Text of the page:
Published September 1, 2011. From Cook's Illustrated.
Why this recipe works:
To tame the harsh bite of the cranberries found in most cranberry-nut muffins, we chopped the cranberries in a food processor and tossed them with confectioners’ sugar and a little salt (which we often use to tame the bitterness in eggplant). As for the nuts, we took a cue from cakes made with… read more
To tame the harsh bite of the cranberries found in most cranberry-nut muffins, we chopped the cranberries in a food processor and tossed them with confectioners’ sugar and a little salt (which we often use to tame the bitterness in eggplant). As for the nuts, we took a cue from cakes made with nut flour and augmented some of the all-purpose flour with pecan flour (made by grinding pecans in a food processor). But because we were working with less flour, our muffins spread rather than baking up tall and self-contained. We fixed the problem by letting the batter rest for 30 minutes. Resting allowed what flour there was to become more hydrated, resulting in a properly thickened batter that baked up perfectly domed. To replace the missing crunch of the nuts, we simply topped the muffins with a pecan streusel.less
Makes 12 muffins
If fresh cranberries aren't available, substitute frozen: Microwave them in a bowl until they're partially but not fully thawed, 30 to 45 seconds.
- 3 tablespoons all-purpose flour
- 4 teaspoons granulated sugar
- 1 tablespoon packed light brown sugar
- 2 tablespoons unsalted butter, cut into 1/2-inch pieces, softened
- pinch salt
- 1/2 cup pecan halves
- 1 1/3 cups (6 2/3 ounces) all-purpose flour
- 1 1/2 teaspoons baking powder
- 1 teaspoon salt
- 1 1/4 cups pecan halves, toasted and cooled
- 1 cup plus 1 tablespoon (7 1/2 ounces) granulated sugar
- 2 large eggs
- 6 tablespoons unsalted butter, melted and cooled slightly
- 1/2 cup whole milk
- 2 cups fresh cranberries
- 1 tablespoon confectioners' sugar
1. FOR THE STREUSEL: Adjust oven rack to upper-middle position and heat oven to 425 degrees. Process flour, granulated sugar, brown sugar, butter, and salt in food processor until mixture resembles coarse sand, 4 to 5 pulses. Add pecans and process until pecans are coarsely chopped, about 4 pulses. Transfer to small bowl; set aside.
2. FOR THE MUFFINS: Spray 12-cup muffin tin with baking spray with flour. Whisk flour, baking powder, ¾ teaspoon salt together in bowl; set aside.
3. Process toasted pecans and granulated sugar until mixture resembles coarse sand, 10 to 15 seconds. Transfer to large bowl and whisk in eggs, butter, and milk until combined. Whisk flour mixture into egg mixture until just moistened and no streaks of flour remain. Set batter aside 30 minutes to thicken.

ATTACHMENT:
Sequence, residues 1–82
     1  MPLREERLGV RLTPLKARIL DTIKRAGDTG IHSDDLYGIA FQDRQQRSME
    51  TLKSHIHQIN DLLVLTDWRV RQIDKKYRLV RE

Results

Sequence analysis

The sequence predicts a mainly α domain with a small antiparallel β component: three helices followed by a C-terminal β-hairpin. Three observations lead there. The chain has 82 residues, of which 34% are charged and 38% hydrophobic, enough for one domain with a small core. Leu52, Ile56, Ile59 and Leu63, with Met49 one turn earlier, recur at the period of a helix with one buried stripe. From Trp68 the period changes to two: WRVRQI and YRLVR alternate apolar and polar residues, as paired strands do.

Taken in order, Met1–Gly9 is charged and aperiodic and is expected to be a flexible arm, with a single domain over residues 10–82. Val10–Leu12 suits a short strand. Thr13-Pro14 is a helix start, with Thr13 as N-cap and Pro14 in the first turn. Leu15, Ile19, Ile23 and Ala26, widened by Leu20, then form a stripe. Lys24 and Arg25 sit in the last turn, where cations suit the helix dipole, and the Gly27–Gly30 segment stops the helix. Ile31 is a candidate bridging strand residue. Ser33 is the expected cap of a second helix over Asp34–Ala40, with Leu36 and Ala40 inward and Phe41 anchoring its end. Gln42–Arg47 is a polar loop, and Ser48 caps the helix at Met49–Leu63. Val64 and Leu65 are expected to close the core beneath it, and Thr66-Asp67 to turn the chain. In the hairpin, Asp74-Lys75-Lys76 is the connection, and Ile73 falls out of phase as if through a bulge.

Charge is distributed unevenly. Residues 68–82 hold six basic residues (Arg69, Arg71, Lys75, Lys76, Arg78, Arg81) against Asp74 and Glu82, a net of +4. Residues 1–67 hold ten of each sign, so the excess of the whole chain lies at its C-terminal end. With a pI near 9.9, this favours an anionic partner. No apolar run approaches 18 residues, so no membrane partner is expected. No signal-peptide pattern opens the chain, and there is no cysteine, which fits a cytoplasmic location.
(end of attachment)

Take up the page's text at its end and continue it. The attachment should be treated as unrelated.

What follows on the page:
4. Pulse cranberries, remaining ¼ teaspoon salt, and confectioners’ sugar in food processor until very coarsely chopped, 4 to 5 pulses. Using rubber spatula, fold cranberries into batter. Use ice cream scoop or large spoon to divide batter equally among prepared muffin cups, slightly mounding in middle. Evenly sprinkle streusel topping over muffins, gently pressing into batter to adhere. Bake until muffin tops are golden and just firm, 17 to 18 minutes, rotating muffin tin from front to back halfway through baking time. Cool muffins in muffin tin on wire rack, 10 minutes. Remove muffins from tin and cool for at least 10 minutes before serving.
Ramping Up Nuttiness, Toning Down Tang
Thickening Thin Batter
We thought a lack of gluten was causing our nut flour-base muffin batter to be thin and runny, leading to muffins that baked up flat. But when we accidentally let the batter rest briefly—a fluke occurrence when we walked away for 30 minutes—the batter thickened and the muffins baked up nice and tall. Could the rest be what improved the muffins' structure? We prepared another batch, this time deliberately letting the batter rest for 30 minutes before baking, and compared the results with muffins we baked right away. Once again, the rested batter thickened considerably and produced muffins with nicely domed tops, while the unrested batter was thin and created predictably flat muffins that spread across the tin.
After a chat with our science editor, we understood why: As batter rests, a small amount of gluten develops, providing structure. But the main effect is that water more fully hydrates the starches, causeing them to swell. This swelling thickens the batter and helps prevent it from spreading during baking.